The next person to don a Manchester Township firefighter's helmet will have to plan for retirement differently than his or her co-workers.

Pensions will no longer be offered to new employees of the township's fire department, which currently employs 22 firefighters.

Under a traditional pension plan, the employer continues to support the employee after retirement and until death.

Instead, new hires will have to save for retirement with a 401(k)-style plan, said Tim James, the township's manager.

Nixing pensions was one compromise reached by the township and the Manchester Township Career Firefighter Association in their nine-month negotiation of a new three-year contract.

"It's been the latest way of establishing some cost savings," James said.

James said he could not estimate how much the township might expect to save.

Specific details of the retirement plans - such as how much the township would contribute to individual accounts - has not been determined, James said.

Raises and staffing: Under the new contract, 22 full-time firefighters will retain their pension and health-insurance benefits. Firefighter salaries will increase 1.75 percent in the first year and 2.5 percent each of the second and third years of the contract, James said.

The township's board of supervisors approved the contract, which expires at the end of 2015, last week.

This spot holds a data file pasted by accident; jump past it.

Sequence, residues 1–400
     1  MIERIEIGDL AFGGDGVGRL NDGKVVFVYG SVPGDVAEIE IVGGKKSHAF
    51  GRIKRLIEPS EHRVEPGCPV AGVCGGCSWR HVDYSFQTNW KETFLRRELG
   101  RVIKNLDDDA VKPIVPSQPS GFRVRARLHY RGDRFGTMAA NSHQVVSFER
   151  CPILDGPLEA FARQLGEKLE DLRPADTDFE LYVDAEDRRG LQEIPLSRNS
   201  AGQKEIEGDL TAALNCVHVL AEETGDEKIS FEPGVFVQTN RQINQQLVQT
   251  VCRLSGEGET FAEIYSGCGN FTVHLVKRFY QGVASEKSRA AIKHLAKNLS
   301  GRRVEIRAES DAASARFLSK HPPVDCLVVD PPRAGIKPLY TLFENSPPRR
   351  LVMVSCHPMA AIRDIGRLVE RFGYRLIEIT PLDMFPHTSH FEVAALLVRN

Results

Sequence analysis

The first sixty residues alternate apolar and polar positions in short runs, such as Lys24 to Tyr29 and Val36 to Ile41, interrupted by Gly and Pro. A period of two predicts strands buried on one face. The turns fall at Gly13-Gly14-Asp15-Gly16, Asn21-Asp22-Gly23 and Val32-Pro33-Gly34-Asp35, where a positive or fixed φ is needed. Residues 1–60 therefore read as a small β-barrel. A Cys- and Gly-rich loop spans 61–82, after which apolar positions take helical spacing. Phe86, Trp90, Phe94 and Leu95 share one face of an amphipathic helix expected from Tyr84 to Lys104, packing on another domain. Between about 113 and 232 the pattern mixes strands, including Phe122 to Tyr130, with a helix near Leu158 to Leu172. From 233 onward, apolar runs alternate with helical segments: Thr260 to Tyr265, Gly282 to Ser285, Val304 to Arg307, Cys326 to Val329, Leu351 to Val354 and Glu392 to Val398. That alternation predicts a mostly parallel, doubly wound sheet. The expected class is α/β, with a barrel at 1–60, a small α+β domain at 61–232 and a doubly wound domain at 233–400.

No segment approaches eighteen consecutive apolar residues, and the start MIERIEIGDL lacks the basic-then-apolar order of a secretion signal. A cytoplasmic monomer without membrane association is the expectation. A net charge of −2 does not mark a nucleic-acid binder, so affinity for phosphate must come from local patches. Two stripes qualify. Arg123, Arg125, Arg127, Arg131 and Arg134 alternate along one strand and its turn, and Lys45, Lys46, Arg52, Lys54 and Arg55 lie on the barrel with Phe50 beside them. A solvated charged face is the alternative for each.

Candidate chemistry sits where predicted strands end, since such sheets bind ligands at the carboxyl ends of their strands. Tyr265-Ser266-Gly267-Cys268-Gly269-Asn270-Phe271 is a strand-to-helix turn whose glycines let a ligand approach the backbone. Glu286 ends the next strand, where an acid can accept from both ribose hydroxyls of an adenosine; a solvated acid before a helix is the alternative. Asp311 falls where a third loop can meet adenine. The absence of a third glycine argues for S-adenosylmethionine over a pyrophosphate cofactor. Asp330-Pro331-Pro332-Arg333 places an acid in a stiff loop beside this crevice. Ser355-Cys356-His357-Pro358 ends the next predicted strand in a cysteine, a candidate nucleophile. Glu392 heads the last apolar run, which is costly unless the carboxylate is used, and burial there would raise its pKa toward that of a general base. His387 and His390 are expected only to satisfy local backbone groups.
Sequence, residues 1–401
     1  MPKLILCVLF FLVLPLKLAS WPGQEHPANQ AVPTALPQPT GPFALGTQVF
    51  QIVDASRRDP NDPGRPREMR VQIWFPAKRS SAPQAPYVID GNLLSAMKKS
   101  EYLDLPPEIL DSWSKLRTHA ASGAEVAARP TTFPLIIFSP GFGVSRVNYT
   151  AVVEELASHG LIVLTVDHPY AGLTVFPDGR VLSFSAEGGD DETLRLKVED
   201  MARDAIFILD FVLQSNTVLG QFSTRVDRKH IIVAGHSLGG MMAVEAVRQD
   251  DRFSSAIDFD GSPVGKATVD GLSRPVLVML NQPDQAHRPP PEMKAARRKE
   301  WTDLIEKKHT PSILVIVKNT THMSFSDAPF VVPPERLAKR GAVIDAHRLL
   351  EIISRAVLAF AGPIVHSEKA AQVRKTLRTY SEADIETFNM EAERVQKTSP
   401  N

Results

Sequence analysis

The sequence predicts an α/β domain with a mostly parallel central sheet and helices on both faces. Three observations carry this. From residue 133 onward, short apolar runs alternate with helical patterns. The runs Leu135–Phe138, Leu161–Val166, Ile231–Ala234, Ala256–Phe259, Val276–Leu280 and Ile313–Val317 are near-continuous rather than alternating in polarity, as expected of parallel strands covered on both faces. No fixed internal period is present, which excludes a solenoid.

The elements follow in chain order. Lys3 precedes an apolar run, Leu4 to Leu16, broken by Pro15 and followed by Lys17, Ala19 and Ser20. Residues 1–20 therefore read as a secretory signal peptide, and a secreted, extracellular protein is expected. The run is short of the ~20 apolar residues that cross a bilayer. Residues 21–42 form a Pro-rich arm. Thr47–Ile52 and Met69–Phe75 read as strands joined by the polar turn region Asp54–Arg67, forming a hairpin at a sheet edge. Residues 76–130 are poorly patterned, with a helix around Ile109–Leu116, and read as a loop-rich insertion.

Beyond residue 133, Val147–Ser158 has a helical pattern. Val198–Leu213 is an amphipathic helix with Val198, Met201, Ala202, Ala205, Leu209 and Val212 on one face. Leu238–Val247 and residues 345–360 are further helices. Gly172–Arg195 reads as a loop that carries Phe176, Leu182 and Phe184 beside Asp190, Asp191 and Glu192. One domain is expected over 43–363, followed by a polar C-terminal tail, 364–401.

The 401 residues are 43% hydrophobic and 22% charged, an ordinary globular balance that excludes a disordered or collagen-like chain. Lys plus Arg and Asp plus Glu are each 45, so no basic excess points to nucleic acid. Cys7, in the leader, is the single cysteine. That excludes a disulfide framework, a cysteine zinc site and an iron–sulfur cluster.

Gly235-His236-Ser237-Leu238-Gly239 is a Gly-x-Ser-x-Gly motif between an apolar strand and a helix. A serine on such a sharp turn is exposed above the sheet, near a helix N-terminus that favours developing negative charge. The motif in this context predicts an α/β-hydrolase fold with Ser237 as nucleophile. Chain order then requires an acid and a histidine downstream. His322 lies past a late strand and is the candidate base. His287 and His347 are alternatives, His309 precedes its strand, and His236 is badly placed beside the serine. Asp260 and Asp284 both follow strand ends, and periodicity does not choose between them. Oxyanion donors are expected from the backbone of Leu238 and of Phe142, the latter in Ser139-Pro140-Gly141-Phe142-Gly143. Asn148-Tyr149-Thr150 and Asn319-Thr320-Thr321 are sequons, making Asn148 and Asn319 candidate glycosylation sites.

Anthony Sawyer, president of the township's firefighters' union, said the new contract sacrifices some quality of service.


That's because the minimum on-duty staffing level was reduced from six to five firefighters, Sawyer said.

In the past, someone would have been called in to work overtime if fewer than six firefighters reported for work at any one time, Sawyer said. Now, the department will respond with a maximum of two pieces of apparatus - engines, rescue and ladder trucks - if only five firefighters are on duty, Sawyer said.

That's because an engine cannot leave the station with fewer than two firefighters on board.

"It's just an overtime savings for the township," Sawyer said.

James conceded that there may be times the staffing level affects the department's response.

But, he said, "The big thing is mutual aid does come into play. I'm not sure it's going to be a major dropoff in service."

As for ongoing regionalization talks, James said the new contract does not preclude the township from consolidating with area fire departments - such as York Area United Fire and Rescue, a regional fire department chartered by Springettsbury and Spring Garden townships and launched in May 2008.

Manchester Township already pays for administrative services from YAUFR. The township's board of supervisors remains interested in further consolidation, James said.

- Erin James may also be reached at